Family & Relationships Friends & Friendship

Make Your Relationship New Again

When you think of a motor home owner, you usually think "Snowbird" right? You know those people that follow the warmth to wherever it happens to be that season. They may be from Calgary, but they spend their winters in St. George, Utah.

A lot of these folks have motor homes - in fact they live in them. The Snowbirds don't have to worry about winterizing their coach because it's never going to sit in the freezing cold during the winter months. That's not true for many other motor home owners though.

If you live in a cold climate you need to properly winterize your coach to avoid having your plumbing explode in the cold. Nothing is going to ruin your cheery spring mood like have to spend thousands of dollars repairing your pipes before you take your first road trip next summer. Here's the recommended process for protecting your motor home plumbing.

1. Drain the water from the plumbing system and fill the plumbing with potable antifreeze.
On the undercarriage of your rig you'll find a low-point valve. You need to open it; this is where all the fresh water that could freeze and destroy your pipes will drain. It's going to be a little tough to get to.

After that valve is open, get into your coach and open all the sink and shower valves and flush the toilet (you don't want a frozen exploding throne do you?). Turn on all sink and shower faucets so those can drain too.

2. Install an anti-freeze installation kit.
All you have to do is insert the valve after you detach the inlet line from the water pressure pump. Any installation kit you buy should come with a graphic showing you the process.

You'll want to point the valve handle toward the transparent hose that comes with the kit, and you'll want to put that hose in a jug of potable anti-freeze. That takes care of getting anti-freeze into all your plumbing. Remember - you want potable anti-freeze (not the stuff for your car)!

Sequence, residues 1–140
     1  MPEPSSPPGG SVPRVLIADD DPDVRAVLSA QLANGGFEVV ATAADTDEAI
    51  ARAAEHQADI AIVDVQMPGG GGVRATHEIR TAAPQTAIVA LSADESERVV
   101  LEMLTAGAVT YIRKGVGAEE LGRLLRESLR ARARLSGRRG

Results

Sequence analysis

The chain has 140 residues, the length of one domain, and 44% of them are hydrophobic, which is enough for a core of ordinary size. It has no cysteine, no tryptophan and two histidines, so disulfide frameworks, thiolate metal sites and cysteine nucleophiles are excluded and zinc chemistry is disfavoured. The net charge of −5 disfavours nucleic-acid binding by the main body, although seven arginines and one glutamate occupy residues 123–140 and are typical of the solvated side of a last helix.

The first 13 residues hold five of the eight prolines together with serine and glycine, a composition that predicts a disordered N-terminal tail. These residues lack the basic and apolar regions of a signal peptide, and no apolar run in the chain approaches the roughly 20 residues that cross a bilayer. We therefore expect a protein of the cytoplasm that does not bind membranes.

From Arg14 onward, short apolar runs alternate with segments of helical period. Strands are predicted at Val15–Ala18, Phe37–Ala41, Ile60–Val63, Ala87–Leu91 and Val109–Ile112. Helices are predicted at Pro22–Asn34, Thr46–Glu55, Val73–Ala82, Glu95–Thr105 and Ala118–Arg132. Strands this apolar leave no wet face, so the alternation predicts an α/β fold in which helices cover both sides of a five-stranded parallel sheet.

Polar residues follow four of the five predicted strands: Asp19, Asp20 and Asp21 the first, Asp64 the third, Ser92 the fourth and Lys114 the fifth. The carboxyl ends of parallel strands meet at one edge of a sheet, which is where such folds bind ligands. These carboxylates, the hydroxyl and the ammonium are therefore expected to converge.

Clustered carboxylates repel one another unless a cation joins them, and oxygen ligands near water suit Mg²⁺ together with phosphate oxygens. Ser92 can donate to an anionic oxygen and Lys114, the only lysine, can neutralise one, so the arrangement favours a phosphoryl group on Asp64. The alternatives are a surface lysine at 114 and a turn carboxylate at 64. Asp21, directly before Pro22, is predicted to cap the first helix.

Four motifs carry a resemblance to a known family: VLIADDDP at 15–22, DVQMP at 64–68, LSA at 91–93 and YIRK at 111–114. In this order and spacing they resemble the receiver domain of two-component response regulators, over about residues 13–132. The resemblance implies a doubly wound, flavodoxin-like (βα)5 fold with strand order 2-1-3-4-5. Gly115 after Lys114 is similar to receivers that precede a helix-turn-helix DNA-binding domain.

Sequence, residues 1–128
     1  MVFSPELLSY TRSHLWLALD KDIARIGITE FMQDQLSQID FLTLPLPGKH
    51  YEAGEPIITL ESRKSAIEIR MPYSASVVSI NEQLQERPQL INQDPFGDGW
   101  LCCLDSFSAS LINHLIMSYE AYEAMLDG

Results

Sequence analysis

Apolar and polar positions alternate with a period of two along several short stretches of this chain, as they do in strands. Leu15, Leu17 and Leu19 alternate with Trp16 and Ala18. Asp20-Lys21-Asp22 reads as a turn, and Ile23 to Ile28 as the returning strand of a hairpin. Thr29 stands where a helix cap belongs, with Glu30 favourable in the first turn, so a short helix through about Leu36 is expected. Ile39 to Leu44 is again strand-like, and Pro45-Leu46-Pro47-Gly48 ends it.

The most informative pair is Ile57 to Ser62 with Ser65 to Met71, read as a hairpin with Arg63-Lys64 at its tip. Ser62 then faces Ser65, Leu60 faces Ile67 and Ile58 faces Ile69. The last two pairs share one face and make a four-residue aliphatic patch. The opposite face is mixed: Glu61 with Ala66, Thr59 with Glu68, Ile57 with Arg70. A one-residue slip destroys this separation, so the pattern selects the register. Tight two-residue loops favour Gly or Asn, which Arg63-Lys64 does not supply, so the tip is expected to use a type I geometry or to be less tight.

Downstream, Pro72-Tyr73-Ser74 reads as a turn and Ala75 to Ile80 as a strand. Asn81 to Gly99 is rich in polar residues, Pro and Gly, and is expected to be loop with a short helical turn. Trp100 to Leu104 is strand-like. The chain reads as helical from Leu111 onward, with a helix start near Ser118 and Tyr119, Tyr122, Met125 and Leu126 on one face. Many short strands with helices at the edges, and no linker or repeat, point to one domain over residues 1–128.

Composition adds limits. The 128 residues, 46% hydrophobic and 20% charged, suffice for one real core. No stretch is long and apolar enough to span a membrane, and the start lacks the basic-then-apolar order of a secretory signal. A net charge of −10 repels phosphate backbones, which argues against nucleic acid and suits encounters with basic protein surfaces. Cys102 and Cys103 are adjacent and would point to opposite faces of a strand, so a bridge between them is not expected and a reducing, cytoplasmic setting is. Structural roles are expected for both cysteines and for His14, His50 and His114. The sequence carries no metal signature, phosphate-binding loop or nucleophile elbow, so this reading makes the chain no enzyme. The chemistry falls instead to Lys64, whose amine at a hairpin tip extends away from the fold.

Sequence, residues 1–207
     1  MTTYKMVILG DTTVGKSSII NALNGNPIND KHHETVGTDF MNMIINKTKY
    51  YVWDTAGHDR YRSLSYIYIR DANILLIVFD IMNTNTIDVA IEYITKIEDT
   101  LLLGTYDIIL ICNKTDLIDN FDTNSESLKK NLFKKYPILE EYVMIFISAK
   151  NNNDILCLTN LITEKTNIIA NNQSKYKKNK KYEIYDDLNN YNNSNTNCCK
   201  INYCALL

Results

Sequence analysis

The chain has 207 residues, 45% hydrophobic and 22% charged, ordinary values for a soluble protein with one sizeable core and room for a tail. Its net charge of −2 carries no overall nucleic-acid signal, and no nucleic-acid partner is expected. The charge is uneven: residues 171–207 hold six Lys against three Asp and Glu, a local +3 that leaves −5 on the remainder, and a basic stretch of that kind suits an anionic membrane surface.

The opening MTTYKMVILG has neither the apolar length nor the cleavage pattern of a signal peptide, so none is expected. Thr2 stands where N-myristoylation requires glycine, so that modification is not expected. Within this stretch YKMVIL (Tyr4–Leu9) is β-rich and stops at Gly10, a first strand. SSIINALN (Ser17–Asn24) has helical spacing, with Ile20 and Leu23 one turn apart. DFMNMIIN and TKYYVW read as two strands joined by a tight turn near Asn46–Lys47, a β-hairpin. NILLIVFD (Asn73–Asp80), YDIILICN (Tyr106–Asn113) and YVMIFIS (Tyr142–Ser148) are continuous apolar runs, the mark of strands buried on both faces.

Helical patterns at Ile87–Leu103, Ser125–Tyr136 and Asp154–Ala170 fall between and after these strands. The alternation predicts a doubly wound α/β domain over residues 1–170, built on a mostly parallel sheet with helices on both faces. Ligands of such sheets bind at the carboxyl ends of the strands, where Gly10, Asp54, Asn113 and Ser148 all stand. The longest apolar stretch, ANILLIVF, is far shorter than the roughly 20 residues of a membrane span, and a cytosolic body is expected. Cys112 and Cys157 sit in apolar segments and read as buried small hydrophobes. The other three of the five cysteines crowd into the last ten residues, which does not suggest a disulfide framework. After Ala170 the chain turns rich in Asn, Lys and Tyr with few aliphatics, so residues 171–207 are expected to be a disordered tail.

3. Install a water-heater bypass set, which is a series of valves that keep the antifreeze from going into your water heater. This part may be a little complicated. You only have to do it once, so I recommend taking it to your local motor home mechanic and having him do it.

4. Drain any water out of the water heater; if any is left in there, it will freeze and burst the heater. That's another expensive repair!

You'll need to open the drain petcock on the heater, but you'll have to be firm because finger-operated valves have a tendency to get stuck after being heated and cooled off several times.

Open the relief valve on the heater so air can get in and push the water you're trying to drain out. Otherwise this one part of the process could take hours. Just don't forget to close the petcock and the valve after you're done draining the water heater. Those are little details you don't want to remember next spring when you're de-winterizing your motor home.

5. Now that you have your anti-freeze installation kit ready, get in the coach and turn on each sink and shower individually (both the cold and hot faucets) and run them until you're not seeing any more water, just the potable anti-freeze. Do the same thing with your shower and the shower wand so you know there isn't any fresh water left to burst your pipes or other plumbing fixtures.

You also want to let enough anti-freeze run so your sink traps and drains get covered with the anti-freeze. One final note: if you have a water filtration system make sure you disconnect it before running anti-freeze through the whole system. It will make your filters unusable.

Leave a reply